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STEELBUILDING.COM is your first and only online supplier of pre-engineered steel buildings Photo of Man in Hard Hat Holding Blueprints

Framing for Steel Buildings

Steel Building Structural Elements
STEELBUILDING.COM designs and supplies pre-engineered "rigid frame" steel building systems, which offer owners and builders a number of advantages. They are relatively inexpensive yet incredibly strong. The simple bolt-together design can be assembled quickly without any specialized carpentry, masonry or welding skills. Best of all, the versatile rigid-frame design can be adapted to serve a variety of needs from standard metal buildings to metal agricultural buildings and more.

Main Frames for Steel Buildings
The defining feature of a rigid-frame steel building is its steel backbone of I-beam main frames. Each frame is made up of two or more columns supporting a rafter that runs laterally from one side of the building to the other. Spaced at intervals between the two endwalls, the main frames bear most of the load of the building. Depending on design considerations, STEELBUILDING.COM's main-frame components may be "hot-rolled" (made by extruding molten steel through a mold) or "built up" (made by welding plate steel), depending on what you need for your metal building package.

Frame Diagram

Endwall Frames
In most steel building designs, endwall frames only support half the load of a main frame. In such cases, we use lighter, less expensive "bearing" or "half-load" frames. Depending on engineering and economic considerations, our endwall rafters and columns may be either hot-rolled or "cold-formed" (shaped by running coils of steel through a former). At times, it is advisable to use a full-load rigid frame on an endwall. For example, an "expandable" endwall is designed to function as an interior frame if the steel building is extended beyond it.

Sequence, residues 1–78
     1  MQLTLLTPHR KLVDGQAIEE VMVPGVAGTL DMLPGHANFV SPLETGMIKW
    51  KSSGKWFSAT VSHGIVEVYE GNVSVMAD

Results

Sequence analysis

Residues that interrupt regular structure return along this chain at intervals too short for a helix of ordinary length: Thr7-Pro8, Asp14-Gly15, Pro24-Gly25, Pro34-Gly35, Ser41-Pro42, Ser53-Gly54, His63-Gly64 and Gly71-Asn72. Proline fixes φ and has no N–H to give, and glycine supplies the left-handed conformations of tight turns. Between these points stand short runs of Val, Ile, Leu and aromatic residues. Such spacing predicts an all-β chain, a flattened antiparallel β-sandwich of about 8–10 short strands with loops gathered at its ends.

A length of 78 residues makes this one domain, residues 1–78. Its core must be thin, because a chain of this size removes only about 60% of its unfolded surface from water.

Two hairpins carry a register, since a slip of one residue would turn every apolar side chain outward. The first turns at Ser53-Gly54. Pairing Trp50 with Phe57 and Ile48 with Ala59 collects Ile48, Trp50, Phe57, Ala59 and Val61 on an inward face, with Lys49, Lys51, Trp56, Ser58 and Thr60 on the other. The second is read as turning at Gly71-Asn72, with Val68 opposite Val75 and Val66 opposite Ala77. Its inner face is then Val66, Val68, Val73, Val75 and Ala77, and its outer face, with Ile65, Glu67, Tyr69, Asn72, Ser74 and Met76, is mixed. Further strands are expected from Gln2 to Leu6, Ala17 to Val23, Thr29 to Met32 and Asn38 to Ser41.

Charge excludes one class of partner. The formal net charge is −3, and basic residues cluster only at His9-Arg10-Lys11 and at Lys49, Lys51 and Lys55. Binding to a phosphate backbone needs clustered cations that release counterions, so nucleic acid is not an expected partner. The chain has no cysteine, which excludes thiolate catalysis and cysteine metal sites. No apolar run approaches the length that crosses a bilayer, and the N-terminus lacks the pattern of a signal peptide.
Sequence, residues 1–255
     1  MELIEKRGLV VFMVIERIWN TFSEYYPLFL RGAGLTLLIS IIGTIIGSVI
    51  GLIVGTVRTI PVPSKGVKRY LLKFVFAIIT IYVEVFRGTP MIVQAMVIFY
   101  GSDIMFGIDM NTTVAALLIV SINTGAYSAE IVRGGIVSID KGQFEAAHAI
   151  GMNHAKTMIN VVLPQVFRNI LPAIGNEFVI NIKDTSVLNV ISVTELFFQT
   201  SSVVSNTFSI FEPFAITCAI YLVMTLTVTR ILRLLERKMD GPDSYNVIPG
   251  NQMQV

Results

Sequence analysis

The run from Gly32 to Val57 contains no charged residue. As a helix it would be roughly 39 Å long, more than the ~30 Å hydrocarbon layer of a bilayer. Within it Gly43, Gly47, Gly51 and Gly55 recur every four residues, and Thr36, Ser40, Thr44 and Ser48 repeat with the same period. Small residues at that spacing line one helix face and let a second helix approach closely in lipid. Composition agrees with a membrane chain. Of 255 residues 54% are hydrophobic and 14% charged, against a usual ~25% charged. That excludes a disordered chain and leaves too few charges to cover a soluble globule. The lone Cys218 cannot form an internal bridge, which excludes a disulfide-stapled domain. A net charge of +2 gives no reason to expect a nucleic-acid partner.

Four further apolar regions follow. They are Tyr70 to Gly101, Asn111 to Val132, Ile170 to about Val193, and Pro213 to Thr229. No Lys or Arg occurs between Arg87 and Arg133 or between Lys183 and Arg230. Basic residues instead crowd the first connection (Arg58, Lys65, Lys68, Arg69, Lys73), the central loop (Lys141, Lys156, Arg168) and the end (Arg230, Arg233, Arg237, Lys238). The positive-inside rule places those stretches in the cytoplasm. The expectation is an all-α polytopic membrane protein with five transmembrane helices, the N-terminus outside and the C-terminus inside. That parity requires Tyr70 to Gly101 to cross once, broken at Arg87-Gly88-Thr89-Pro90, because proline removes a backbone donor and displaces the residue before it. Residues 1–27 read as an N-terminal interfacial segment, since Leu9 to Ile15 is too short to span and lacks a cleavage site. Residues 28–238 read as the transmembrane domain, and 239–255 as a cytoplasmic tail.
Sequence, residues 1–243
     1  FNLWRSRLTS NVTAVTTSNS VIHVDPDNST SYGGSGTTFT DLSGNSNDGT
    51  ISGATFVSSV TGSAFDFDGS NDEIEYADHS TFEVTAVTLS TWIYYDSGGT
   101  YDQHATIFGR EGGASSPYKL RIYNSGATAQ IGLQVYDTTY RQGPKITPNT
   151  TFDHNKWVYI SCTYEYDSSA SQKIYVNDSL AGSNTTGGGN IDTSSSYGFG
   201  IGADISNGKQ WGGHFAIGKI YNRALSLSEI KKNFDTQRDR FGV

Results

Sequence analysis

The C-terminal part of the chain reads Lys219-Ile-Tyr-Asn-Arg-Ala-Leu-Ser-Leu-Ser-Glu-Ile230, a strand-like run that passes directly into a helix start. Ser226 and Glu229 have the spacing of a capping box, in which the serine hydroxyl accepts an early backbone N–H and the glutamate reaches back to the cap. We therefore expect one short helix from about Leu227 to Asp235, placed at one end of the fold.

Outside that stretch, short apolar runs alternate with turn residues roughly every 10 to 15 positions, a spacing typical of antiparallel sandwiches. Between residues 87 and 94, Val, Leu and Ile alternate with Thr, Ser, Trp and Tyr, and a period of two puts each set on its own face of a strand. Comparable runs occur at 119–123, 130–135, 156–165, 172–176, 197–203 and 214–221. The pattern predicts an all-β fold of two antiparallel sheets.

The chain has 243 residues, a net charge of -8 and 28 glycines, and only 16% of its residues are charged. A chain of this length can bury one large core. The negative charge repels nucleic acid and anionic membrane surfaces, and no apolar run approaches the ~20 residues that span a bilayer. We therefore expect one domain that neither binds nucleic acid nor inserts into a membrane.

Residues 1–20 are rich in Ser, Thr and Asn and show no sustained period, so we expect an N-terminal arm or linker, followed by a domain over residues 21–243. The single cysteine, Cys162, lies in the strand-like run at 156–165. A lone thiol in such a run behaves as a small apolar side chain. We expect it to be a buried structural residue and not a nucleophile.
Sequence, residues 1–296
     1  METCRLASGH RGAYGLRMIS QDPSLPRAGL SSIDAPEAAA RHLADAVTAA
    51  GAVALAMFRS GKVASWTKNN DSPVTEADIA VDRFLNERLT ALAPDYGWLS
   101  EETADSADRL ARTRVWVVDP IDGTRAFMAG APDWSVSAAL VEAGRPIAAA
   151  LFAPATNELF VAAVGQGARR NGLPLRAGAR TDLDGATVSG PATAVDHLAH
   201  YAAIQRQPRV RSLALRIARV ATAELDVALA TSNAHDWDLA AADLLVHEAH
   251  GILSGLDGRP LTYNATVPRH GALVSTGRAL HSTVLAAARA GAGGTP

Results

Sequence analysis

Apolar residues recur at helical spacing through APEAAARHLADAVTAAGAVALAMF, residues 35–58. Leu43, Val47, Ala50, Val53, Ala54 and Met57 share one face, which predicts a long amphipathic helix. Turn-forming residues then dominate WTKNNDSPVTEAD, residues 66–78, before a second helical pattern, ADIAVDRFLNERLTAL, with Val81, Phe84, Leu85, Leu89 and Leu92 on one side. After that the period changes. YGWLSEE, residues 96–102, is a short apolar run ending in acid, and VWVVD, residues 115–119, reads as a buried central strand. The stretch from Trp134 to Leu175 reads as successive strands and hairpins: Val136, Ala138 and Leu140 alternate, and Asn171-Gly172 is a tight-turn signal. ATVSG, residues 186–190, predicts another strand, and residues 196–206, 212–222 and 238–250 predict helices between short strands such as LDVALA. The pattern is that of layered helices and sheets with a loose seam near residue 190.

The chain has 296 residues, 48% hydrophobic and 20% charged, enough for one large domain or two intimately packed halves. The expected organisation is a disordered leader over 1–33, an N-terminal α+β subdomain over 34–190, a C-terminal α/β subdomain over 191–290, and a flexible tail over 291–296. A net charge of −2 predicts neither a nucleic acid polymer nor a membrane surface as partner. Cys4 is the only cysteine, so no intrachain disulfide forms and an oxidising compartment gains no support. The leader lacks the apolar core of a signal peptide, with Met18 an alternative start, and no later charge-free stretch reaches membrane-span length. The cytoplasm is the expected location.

Bay Spacing in Metal Buildings
Each space or interval between the frames of a steel building is a "bay." In the illustration below, a 100' long building has been divided into four bays by spacing the frames 25' apart (4 x 25' = 100'). This configuration is described as "four bays at 25." A 100' building could just as easily be configured with five bays at 20 (5 x 20' = 100') by adding another main frame. Often, using fewer frames reduces the weight and, hence, the cost of a metal building, but this is not always the case. It depends on the size of the building, the width of the bays, the load requirements and many other factors. Our online design and pricing system offers only symmetrical bay spacings; however, you can request a special quote for mixed bay configurations.

Bay Spacing and Sidewall Length Diagram

The spacing of endwall columns is also important because it determines the possible sizes and locations of framed openings on the endwalls. Note: Bays should not be confused with framed openings (see features page). A bay can have more than one opening in it or none at all.
Secondary Framing for Pre-Engineered Building Systems
Secondary framing includes the wall girts, roof purlins and eave struts. Although these cold-formed components carry little of the overall load of the building, they do support the wall and roof panels, transfer loading to the frames and help stabilize the steel building. In most cases, we determine the size, shape and placement of individual components based on engineering requirements, but we can often adjust a design to accommodate specific needs. For example, on endwalls, the girts normally run flush with the columns ("inset" or "flush mount"), but on sidewalls they overlap on the outside ("outset" or "bypass"). However, we can usually change either or both of these conditions to suit the buyer.
One of our great-looking steel buildings

Secondary Framing Diagram

2612 Gribble | North Little Rock, AR 72114 | 800.945.6572 |

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